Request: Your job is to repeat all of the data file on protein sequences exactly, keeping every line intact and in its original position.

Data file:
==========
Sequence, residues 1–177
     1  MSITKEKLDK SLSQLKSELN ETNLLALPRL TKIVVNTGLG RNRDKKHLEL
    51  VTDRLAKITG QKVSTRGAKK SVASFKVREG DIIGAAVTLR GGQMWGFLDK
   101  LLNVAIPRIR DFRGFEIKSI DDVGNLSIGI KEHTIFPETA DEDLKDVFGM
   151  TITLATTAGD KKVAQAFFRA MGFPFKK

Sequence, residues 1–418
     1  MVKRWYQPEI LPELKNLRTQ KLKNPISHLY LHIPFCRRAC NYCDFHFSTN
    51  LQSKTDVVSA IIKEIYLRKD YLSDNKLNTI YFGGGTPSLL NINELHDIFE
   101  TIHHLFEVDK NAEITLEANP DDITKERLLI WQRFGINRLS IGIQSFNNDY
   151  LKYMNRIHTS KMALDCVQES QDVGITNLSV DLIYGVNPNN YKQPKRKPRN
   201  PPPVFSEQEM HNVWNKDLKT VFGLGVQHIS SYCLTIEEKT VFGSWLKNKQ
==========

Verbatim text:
Sequence, residues 1–177
     1  MSITKEKLDK SLSQLKSELN ETNLLALPRL TKIVVNTGLG RNRDKKHLEL
    51  VTDRLAKITG QKVSTRGAKK SVASFKVREG DIIGAAVTLR GGQMWGFLDK
   101  LLNVAIPRIR DFRGFEIKSI DDVGNLSIGI KEHTIFPETA DEDLKDVFGM
   151  TITLATTAGD KKVAQAFFRA MGFPFKK

Sequence, residues 1–418
     1  MVKRWYQPEI LPELKNLRTQ KLKNPISHLY LHIPFCRRAC NYCDFHFSTN
    51  LQSKTDVVSA IIKEIYLRKD YLSDNKLNTI YFGGGTPSLL NINELHDIFE
   101  TIHHLFEVDK NAEITLEANP DDITKERLLI WQRFGINRLS IGIQSFNNDY
   151  LKYMNRIHTS KMALDCVQES QDVGITNLSV DLIYGVNPNN YKQPKRKPRN
   201  PPPVFSEQEM HNVWNKDLKT VFGLGVQHIS SYCLTIEEKT VFGSWLKNKQ